No. We have a short timeframe. Whether Syria can be plied is questionable. They’ve shown no signs of detaching themselves from the Iranian axis. [Egypt's President] Sadat detached himself from the Soviets and it still took another war, but he finally shifted wholeheartedly for a peace agreement with Israel after shifting to the West. The opposite happened here. Syria’s supplying Hizbullah with Iranian arms, hosting Khaled Mashaal and terrorist groups, and is in cahoots with Iran. There has to be a change of critical weight.

The Mossad chief said Iran will be ready in two years. The next general election is set for November 2010.
Does the election have to be moved up for you to try to take over sooner, so you could handle this threat?

We will do everything in our power to move up the next general election. Iran’s not a subject I will raise in a political context. As long as [Olmert and I] see eye to eye on this subject, I see no reason to argue about it. We have enough areas left to argue about…

On Iranian backed terror, [Olmert and his predecessors] followed the wrong policies. The unilateral retreat from Lebanon immeasurably strengthened Hizbullah and produced an Iranian base north of the country, from which they launched 4,000 rockets. That base is arming itself feverishly now with 40,000 mostly Iranian missiles of greater range and payloads. The same policy of unilateral retreat from Gaza that Olmert advocated immeasurably strengthened Hamas, leading them to overtake Gaza, giving them a second Iranian base, from which they fired 4,000 rockets since disengagement. That base too is arming feverishly.

These failures should have made people stop in their tracks before they offered to make a third base here [in the West Bank], which is essentially what the government is doing. They pretend [Palestinian Authority head] Abu Mazen has a supermarket where they could buy a product called Peace. In that supermarket, Israel pays in advance and gets nothing in return, but an Iranian base, more rockets and terror… To give everything away, even in a shelf agreement, would create a third Iranian base here.

I suggest we do what’s required on the ground with the Palestinians who want peace and differentiate our policies from Gaza, where ultimately, we will have to bring down the Hamas regime. We’ll develop an economic peace with bottom- up change, not top-down. This can be done by encouraging economic growth and the development of Palestinian institutions.

Those are Tony Blair’s mandates.

Yes, and it’s right. Oslo’s misconception was that peace would produce prosperity. The opposite. Prosperity will lay the foundations for peace and security. What the government is doing is putting the cart before horse to reach an agreement and then have it trickle down. By ensuring security and focusing on the economy, prosperity can trickle up.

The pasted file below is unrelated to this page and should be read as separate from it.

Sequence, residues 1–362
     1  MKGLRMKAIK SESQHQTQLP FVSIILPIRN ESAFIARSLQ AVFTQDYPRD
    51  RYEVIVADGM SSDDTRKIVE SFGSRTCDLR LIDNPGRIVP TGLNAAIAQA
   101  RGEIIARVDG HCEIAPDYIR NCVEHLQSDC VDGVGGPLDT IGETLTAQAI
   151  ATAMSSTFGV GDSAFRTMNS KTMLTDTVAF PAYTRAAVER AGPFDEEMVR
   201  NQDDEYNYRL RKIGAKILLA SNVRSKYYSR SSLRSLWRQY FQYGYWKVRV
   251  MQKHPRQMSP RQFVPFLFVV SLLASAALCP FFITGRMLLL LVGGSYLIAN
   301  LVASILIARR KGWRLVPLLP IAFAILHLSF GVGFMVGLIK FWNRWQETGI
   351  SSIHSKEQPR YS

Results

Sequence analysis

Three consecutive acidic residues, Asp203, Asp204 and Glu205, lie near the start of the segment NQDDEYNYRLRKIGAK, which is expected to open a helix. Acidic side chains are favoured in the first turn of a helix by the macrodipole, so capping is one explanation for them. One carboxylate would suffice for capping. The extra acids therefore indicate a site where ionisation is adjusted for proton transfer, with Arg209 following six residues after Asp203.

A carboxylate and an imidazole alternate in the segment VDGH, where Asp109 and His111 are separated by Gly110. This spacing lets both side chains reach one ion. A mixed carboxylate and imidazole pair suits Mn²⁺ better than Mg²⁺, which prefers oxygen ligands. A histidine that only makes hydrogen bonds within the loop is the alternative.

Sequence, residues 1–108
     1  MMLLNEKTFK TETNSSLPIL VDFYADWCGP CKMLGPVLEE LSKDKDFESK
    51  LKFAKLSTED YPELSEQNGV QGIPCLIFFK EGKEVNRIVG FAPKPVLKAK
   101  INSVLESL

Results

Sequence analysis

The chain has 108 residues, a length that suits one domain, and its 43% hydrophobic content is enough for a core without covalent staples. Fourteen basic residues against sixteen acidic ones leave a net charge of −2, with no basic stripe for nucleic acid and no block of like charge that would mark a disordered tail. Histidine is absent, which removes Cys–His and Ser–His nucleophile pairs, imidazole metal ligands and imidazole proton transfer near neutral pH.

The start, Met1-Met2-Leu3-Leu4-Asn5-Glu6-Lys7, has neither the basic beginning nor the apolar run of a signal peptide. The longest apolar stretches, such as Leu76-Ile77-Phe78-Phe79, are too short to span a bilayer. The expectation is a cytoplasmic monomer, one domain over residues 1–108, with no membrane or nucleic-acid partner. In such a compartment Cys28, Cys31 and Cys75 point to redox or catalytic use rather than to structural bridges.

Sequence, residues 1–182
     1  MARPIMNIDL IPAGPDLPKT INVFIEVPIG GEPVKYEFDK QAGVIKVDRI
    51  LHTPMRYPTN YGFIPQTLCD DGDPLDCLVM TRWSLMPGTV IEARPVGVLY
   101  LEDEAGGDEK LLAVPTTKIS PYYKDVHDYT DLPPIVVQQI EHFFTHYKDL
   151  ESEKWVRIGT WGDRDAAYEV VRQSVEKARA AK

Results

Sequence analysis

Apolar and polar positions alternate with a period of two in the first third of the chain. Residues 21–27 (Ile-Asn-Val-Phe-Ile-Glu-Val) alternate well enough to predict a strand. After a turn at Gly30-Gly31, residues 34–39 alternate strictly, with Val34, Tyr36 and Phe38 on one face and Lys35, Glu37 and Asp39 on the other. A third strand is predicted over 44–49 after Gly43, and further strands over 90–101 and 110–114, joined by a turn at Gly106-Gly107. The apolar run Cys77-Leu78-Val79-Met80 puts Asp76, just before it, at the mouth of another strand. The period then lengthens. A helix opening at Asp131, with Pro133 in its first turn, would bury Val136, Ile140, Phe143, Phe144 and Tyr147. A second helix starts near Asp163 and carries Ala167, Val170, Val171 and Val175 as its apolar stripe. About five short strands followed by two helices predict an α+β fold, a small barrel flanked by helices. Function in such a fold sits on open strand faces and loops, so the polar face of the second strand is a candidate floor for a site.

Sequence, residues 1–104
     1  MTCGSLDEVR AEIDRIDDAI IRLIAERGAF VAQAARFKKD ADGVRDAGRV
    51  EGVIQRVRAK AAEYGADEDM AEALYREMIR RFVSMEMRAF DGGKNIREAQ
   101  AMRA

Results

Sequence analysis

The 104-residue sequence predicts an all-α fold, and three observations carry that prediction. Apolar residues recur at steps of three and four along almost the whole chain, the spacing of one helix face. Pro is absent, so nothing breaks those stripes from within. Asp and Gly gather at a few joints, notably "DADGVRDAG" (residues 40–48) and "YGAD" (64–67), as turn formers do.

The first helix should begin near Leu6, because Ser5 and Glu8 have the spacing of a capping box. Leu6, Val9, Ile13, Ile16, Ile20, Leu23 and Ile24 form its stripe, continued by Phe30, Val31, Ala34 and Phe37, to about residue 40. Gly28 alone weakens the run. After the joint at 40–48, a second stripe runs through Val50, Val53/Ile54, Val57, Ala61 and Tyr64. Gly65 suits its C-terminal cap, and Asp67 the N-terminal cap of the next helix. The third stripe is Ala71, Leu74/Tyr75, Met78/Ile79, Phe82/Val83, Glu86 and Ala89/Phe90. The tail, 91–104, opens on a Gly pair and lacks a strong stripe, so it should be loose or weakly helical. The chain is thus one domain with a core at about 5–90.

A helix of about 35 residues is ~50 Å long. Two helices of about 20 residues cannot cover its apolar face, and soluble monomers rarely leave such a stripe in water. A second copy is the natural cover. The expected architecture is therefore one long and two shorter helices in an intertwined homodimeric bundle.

If an agreement is reached, would you honor it?

I don’t think it will reach the legal status of a formal contract ratified by the Knesset. The elections will come quicker and will be a referendum on this agreement. Most people understand that there’s a gap between the composition of the Knesset and the public and a reverse since the last election where Likud got 12 seats and Kadima 29.

But polls have shown that to be true since the end of the Second Lebanon War a year and a half ago, and Olmert’s still in power. Why would that change now?

I don’t control 61 MKs who are putting their own self- interest before the public sentiment and will. We have no mechanism in Israeli parliamentary democracy to express the public will between elections. The only thing we have is no-confidence votes, so if you can pacify 61 MKs, you can hold on to your coalition. The government can maneuver, but it can’t stop the clock. When it will be apparent that we are heading toward elections, this government will unravel – considerably before the next election’s scheduled date.

Does the government not know what to do about Gaza?

The issue is not what to do in Gaza. People know what to do. The army has excellent plans and I speak with authority. The problem is leadership.

Can you be specific: What should Israel be doing in Gaza? Bringing down Hamas?

Yes. We have to increase the cost enormously and we can. It is not that difficult. The first thing is to deprive them of sanctuary and the second is to increase the cost to the point of bringing down the regime. Change the rules of the game. It shouldn’t be an incremental tit-for-tat – that they kill a few of our people and we kill a few of theirs. We have to change this pattern of attrition, which is good for them, not us. That means increasing the cost, because most Hamas people are not suicidal. They want to kill and live another day, but they want to live. One way I would be careful of, even though it is very popular, is to deprive basic necessities to the population. I would not do that.